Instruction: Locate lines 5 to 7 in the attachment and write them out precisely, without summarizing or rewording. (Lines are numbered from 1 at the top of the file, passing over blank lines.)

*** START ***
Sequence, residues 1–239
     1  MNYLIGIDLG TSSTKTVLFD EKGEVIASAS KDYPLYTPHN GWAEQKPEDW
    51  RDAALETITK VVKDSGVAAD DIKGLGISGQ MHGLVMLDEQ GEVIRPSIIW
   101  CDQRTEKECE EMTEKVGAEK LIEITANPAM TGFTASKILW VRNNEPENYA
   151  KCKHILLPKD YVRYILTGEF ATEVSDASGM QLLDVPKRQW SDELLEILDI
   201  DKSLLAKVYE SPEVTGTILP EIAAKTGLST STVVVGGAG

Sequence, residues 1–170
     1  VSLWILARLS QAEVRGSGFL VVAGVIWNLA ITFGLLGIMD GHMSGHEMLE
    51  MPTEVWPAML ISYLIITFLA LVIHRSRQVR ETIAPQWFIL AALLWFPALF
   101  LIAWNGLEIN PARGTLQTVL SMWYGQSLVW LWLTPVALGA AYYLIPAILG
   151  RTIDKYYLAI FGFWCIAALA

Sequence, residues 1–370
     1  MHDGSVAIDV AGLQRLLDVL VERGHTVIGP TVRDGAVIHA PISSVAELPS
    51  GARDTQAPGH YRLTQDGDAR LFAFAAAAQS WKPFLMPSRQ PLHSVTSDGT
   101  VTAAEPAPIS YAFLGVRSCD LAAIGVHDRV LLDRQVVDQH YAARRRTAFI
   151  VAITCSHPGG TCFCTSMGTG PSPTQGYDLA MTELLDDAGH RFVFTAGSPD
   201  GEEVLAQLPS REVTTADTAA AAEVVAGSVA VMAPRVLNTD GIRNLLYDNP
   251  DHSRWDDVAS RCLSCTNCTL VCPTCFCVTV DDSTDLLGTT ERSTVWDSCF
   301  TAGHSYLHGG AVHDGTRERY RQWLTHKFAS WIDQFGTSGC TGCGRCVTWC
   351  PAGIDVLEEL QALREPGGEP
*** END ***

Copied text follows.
   151  KCKHILLPKD YVRYILTGEF ATEVSDASGM QLLDVPKRQW SDELLEILDI
   201  DKSLLAKVYE SPEVTGTILP EIAAKTGLST STVVVGGAG

Sequence, residues 1–170